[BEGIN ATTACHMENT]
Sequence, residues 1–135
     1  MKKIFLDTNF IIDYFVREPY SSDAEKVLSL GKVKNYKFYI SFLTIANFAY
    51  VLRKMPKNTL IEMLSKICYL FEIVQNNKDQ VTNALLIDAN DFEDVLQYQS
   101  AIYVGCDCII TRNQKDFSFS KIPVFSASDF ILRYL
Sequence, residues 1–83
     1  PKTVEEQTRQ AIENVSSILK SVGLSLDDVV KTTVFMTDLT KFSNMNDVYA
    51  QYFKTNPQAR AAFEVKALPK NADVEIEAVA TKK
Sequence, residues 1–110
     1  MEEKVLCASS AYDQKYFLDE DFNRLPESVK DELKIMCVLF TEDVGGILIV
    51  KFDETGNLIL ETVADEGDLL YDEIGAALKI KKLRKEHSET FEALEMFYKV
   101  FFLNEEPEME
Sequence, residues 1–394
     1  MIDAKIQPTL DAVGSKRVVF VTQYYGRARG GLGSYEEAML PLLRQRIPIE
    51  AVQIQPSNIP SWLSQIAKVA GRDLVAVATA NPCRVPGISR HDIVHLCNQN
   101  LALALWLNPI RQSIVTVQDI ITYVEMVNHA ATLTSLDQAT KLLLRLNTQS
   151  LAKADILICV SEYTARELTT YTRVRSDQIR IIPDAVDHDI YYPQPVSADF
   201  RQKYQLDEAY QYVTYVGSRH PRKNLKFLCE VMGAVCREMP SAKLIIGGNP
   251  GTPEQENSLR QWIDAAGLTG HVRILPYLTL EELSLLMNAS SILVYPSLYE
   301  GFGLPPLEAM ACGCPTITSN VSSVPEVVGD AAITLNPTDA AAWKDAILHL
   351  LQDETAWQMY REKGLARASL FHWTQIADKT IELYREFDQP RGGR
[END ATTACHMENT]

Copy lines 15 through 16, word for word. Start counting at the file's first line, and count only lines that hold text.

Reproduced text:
   101  LALALWLNPI RQSIVTVQDI ITYVEMVNHA ATLTSLDQAT KLLLRLNTQS
   151  LAKADILICV SEYTARELTT YTRVRSDQIR IIPDAVDHDI YYPQPVSADF